Many of you may be looking over this site with questions about whether or not your loved one has an Eating Disorder. Please look over the following information from TeensHealth for some guidance: 

Signs of Eating Disorders:

In our image-obsessed culture, it can be easy for teens (and adults, for that matter) to be critical of their bodies. Normal concerns about body image can cross the line and become eating disorders when a person starts to do things that are physically and emotionally dangerous — things that could have long-term health consequences.

Some people go on starvation diets and can become anorexic. Others go on eating binges and then purge their bodies of the food they've just eaten through forced vomiting, compulsive exercise, taking laxatives, or a combination of these (known as bulimia).

Although eating disorders like anorexia and bulimia are far more common in girls, guys can get them, too. So how do you know if a friend has an eating disorder? It can be hard to tell — after all, someone who's lost a lot of weight or feels constantly tired may have another type of health condition. But some of the signs that a friend may have an eating disorder include:

  • Your friend has an obsession with weight and food (more than general comments about how many calories he or she eats in a day). It might seem like your friend talks about food, weight and being thin and nothing else.
  • Your friend knows exactly how many calories and fat grams are in everything that he or she eats — and is constantly pointing this out.
  • Your friend feels the need to exercise all the time, even when sick or exhausted.
  • Your friend avoids hanging out with you and other friends during meals. For example, he or she avoids the school cafeteria at lunch or the coffee shop or diner where you usually meet on weekends.
  • Your friend starts to wear big or baggy clothes. Lots of people wear baggy clothes as a fashion statement, but someone who wears baggy clothes to hide their shape might have other issues.
  • Your friend goes on dramatic or very restrictive diets, cuts food into tiny pieces, moves food around on the plate instead of eating it, and is very precise about how food is arranged on the plate.
  • Your friend seems to compete with others about how little they eat. If a friend proudly tells you she only had a diet soda for breakfast and half an apple for lunch, it's a red flag that she could be developing an eating disorder.
  • Your friend goes to the bathroom a lot, especially right after meals, or you've heard your friend vomiting after eating.
  • Despite losing a lot of weight, your friend always talks about how fat he or she is. 
  • Your friend appears to be gaining a lot of weight even though you never see him or her eat (people with bulimia often only eat diet food in front of their friends).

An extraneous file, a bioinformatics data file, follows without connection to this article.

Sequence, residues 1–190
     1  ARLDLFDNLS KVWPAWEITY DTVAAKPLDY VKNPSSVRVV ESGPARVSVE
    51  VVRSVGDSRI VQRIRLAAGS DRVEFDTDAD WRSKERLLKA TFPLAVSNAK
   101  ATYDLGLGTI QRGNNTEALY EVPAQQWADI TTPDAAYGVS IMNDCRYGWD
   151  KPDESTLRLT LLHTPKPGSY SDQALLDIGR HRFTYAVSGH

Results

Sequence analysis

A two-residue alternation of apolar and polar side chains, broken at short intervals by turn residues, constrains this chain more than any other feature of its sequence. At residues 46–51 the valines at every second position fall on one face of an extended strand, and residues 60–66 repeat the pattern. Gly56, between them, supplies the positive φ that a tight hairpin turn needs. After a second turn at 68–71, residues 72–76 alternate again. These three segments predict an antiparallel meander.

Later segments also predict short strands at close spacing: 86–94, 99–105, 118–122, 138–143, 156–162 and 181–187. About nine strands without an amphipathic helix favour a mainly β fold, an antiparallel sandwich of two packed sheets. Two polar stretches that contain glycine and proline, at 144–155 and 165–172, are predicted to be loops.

• Your friend is very defensive or sensitive about his or her weight loss or eating habits. 
  •  Your friend buys or takes laxatives, steroids, or diet pills.
  • Your friend has a tendency to faint, bruises easily, is very pale, or starts complaining of being cold more than usual (cold intolerance can be a symptom of being underweight

What to Do

If a friend has these symptoms and you're concerned, the first thing to do might be to talk to your friend, privately, about what you've noticed. Tell your friend that you're worried. Be as gentle as possible, and try to really listen to and be supportive of your friend and what he or she is going through.

It's normal for people with eating disorder to feel guarded and private about their eating problems. Try not to get angry or frustrated. Remind your friend that you care.

People with eating disorders often have trouble admitting — even to themselves — that they have a problem. Trying to help someone who doesn't think he or she needs help can be hard. Many people feel successful and in control when they become thin, but those with eating disorders can become seriously ill and even die. If your friend is willing to seek help, offer to go with him or her to see a counselor or a medical expert.

If your concerns increase and your friend still seems to be in denial, talk to your parents, the school guidance counselor or nurse, or even your friend's parents. This isn't easy to do because it can feel like betraying a friend. But it's often necessary to get a friend the help he or she needs.

Eating disorders can be caused by — and lead to — complicated physical and psychological illnesses. You can support your friend by learning as much as you can about eating disorders. Your friend's body image and behavior may be a symptom of something else that's going on. Many organizations, books, websites, hotlines, or other resources are devoted to helping people who are battling eating disorders.

Being a supportive friend also means learning how to behave around someone with an eating disorder. Here are some ways to support a friend who is battling an eating problem:

  • Try your best not to talk about food, weight, diets, or body shape (yours, your friend's, or even a popular celebrity's).
  • Try not to be too watchful of your friend's eating habits, food amounts, and choices.
  • Try not to make statements like, "If you'd just eat (or stop working out so much), you'll get better."
  • Focus on your friend's strengths — that he or she has a great smile, is helpful and friendly, or good at math or art.
  • Try to avoid focusing on how your friend looks physically.

Most important, remind your friend that you're there no matter what. You want to help him or her get healthy again. Sometimes you'd be surprised how asking simple questions such as "what can I do to help?" or "what would make you feel better?" can lead to a great conversation about how you can help your friend heal.



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